Writing content is time-consuming. There’s no great way to automate this process, since social always demands a human touch. To cut down on time, you can source content from other blogs or articles and share on your social platforms. Just be sure you tag the writer or company that published the article to give them proper credit (and potentially generate a share). My suggestion is to set up a Feedly account and subscribe to RSS feeds of relevant blogs and media outlets in your industry, then you can quickly scan these sources when you need help thinking of fresh content.

Emphasis on Visual Content

Visual content is emotive and captures peoples’ attention in feeds, so use images and video in your social content strategy. You can easily find design help online, from free self-help tools like Canva to affordable freelancers on Upwork or Fiverr. So don’t rule design out for your business, because of time or budgetary constraints.

Carefully Craft Your Calls-to-Action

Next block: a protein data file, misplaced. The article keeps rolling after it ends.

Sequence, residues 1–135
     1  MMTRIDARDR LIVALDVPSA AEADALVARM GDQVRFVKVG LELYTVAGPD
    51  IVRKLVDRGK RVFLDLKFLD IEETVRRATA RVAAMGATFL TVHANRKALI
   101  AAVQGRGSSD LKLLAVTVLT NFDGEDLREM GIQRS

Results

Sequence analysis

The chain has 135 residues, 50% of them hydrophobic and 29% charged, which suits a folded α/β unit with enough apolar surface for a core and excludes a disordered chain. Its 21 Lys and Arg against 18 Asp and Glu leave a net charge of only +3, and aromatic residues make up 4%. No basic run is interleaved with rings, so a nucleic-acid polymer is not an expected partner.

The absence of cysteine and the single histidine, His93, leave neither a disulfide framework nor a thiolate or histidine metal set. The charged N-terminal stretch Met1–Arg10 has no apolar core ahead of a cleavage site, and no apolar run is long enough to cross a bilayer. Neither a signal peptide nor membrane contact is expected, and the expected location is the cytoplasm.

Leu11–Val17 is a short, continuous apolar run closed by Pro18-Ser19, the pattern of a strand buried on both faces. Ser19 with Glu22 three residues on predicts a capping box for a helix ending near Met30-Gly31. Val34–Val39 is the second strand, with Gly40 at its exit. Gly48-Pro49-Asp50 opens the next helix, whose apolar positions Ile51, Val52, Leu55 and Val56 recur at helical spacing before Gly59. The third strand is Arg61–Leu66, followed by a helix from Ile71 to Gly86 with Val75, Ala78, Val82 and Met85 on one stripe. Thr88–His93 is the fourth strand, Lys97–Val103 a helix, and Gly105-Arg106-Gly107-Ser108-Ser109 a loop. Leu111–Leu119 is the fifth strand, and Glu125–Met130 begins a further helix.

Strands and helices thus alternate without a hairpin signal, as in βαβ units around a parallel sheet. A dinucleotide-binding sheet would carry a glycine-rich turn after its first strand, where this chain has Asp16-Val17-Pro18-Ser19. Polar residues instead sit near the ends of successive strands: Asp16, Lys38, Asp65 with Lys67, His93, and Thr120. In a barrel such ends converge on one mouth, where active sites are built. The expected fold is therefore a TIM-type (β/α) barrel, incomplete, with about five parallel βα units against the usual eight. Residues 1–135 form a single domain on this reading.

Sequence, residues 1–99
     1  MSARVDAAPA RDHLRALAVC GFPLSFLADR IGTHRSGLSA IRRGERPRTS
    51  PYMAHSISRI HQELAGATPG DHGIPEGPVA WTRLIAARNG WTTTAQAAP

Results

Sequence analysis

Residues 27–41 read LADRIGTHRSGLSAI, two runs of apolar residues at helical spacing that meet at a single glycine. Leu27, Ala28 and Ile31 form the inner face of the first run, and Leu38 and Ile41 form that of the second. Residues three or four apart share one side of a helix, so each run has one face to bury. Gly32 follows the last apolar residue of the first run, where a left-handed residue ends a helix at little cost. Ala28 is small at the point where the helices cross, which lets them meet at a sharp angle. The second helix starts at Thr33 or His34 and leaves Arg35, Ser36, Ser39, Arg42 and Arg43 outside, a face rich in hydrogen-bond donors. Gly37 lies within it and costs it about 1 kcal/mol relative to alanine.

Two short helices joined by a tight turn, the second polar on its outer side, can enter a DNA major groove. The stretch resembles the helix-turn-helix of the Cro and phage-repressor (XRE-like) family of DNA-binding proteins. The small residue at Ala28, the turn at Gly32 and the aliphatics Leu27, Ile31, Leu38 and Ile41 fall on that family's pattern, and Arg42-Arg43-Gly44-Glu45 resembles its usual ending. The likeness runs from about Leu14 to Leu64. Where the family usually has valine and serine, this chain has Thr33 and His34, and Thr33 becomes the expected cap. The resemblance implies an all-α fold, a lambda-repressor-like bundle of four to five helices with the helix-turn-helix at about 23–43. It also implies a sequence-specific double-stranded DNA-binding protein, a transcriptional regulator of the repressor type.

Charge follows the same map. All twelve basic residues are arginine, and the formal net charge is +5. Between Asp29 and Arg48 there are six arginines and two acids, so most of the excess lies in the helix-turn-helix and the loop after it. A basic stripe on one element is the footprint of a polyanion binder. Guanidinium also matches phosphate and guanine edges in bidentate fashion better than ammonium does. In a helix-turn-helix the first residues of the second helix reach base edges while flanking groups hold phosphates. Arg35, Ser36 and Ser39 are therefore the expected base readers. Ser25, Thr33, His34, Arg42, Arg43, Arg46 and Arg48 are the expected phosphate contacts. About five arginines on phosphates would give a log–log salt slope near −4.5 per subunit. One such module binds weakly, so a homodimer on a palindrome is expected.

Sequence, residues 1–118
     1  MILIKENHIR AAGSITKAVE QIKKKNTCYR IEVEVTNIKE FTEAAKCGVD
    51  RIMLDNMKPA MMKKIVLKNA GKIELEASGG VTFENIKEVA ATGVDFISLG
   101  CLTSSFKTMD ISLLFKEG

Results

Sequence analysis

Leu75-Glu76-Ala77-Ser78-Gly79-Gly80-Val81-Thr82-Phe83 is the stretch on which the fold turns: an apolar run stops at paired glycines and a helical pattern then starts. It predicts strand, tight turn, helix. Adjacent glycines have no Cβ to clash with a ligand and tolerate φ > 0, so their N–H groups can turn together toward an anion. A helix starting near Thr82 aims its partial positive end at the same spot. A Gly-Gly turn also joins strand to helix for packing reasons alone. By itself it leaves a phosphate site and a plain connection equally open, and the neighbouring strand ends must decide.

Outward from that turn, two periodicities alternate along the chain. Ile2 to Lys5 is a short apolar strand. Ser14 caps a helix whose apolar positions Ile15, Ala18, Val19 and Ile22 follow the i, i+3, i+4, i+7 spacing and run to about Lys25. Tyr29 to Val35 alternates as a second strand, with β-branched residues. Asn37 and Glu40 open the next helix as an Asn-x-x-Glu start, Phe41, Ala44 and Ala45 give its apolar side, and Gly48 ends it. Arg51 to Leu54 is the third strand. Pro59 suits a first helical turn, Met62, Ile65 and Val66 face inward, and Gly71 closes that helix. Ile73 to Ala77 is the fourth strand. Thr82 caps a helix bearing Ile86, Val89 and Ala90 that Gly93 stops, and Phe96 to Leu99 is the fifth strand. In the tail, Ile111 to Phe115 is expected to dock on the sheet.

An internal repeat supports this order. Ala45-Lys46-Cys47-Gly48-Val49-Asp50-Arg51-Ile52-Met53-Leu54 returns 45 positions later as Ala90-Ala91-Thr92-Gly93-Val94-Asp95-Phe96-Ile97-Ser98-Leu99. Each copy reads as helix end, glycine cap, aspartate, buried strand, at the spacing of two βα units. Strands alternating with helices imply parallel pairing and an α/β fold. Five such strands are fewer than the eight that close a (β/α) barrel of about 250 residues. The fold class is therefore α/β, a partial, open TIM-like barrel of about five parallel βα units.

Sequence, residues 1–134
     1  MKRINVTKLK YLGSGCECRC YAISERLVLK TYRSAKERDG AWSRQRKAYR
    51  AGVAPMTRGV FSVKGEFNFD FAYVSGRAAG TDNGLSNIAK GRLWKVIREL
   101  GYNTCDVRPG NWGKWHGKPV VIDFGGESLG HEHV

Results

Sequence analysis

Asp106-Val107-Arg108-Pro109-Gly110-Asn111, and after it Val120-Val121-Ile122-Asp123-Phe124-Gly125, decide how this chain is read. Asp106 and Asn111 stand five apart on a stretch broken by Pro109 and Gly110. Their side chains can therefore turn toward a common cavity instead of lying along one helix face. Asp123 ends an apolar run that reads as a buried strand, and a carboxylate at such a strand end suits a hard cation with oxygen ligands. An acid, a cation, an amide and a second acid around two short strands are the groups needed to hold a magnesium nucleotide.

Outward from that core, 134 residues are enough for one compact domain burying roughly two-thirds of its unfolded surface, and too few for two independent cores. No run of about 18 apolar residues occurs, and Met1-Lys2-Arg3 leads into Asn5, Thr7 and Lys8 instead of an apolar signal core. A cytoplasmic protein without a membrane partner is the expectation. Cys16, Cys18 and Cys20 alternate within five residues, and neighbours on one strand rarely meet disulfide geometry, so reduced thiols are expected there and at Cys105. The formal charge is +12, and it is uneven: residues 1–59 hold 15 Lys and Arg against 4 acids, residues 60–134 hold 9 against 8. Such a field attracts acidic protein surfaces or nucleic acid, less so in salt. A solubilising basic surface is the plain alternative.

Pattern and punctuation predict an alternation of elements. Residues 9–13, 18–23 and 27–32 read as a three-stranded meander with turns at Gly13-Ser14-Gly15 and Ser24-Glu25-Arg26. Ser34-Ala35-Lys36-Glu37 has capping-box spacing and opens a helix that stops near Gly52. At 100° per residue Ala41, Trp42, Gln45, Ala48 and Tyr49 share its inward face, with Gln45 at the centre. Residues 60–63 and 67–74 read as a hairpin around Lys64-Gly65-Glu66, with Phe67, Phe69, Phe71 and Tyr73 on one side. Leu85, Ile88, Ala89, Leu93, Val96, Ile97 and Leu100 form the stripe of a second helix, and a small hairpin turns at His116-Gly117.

Think about exactly what action you want your followers to take. Do you want them to share, click through, like, buy, or follow? How do you want them to feel?

When writing your social media posts and your calls-to-action, always filter your ideas through to the KISS method — Keep It Simple, Stupid. The second you leave your audience guessing what they’re supposed to do is the second they scroll past your update.

Also, consider using emotive, persuasive words and phrases that are likely to grab peoples’ attention, and think about how you can clearly imply value using a few words. Words like ‘free’, ‘now’, ‘exclusive’, ‘limited time only’ and ‘join’ are popular for a reason — they work!

These words and phrases are even more important in your paid social advertising campaigns, where brevity and value-added are key drivers of success. Wasted impressions or clicks = wasted money.

Be Savvy With Scheduling

For your social media delivery, it’s a good idea to set up a content schedule to ensure you publish posts consistently. The old adage “failing to plan is planning to fail” rings incredibly true with social media.

While you definitely need to keep the door open to real-time posts, I suggest having the bulk of your posts planned in advance. Otherwise, you’ll find yourself struggling to carve out time some days to post, and that quickly becomes a bad habit.

Before you know it, you’ve gone dark for a week or two on one of your platforms — that just looks untrustworthy and disingenuous as a business.

Don’t be afraid to re-post the same piece of content more than once, if it’s appropriate and in line with the etiquette of the social platform.